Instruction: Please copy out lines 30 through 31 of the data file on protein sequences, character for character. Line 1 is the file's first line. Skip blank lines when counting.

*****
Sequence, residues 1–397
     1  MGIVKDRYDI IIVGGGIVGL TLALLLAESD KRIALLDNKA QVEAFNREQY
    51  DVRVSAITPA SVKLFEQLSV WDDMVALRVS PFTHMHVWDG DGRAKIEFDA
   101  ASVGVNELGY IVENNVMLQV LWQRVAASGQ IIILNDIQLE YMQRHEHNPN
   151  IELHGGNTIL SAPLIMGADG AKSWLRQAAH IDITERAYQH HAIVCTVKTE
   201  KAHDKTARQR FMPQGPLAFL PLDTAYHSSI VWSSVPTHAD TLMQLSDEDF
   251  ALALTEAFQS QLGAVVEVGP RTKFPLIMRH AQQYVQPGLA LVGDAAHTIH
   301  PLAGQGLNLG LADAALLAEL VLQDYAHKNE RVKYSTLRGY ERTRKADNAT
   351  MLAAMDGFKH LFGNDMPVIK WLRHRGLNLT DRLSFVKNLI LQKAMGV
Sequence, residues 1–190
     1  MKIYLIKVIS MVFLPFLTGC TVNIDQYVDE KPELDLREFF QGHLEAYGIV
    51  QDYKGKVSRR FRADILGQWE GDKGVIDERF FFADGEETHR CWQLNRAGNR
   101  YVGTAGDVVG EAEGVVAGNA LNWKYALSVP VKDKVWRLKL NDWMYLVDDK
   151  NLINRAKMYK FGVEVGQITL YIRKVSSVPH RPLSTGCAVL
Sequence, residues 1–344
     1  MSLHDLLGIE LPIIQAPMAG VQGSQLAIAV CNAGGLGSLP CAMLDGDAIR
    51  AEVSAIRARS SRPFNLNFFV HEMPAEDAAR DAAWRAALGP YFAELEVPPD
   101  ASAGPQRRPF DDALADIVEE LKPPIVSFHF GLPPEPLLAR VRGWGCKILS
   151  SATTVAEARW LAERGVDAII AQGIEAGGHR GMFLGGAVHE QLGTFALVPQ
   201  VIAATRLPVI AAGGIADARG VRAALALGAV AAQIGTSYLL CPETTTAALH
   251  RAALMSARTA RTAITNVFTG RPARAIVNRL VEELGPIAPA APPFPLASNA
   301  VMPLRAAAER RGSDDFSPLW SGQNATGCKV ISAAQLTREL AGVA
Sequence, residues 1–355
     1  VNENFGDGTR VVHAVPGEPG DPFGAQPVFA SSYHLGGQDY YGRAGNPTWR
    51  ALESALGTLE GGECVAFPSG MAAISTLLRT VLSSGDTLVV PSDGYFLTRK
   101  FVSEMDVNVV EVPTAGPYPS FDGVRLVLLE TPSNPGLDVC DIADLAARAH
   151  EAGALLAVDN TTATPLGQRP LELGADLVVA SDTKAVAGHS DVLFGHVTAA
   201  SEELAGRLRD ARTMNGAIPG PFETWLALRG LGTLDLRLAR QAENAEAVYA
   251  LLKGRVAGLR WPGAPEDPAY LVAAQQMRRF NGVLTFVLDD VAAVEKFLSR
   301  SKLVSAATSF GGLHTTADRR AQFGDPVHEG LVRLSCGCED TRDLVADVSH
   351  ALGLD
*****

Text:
   301  SKLVSAATSF GGLHTTADRR AQFGDPVHEG LVRLSCGCED TRDLVADVSH
   351  ALGLD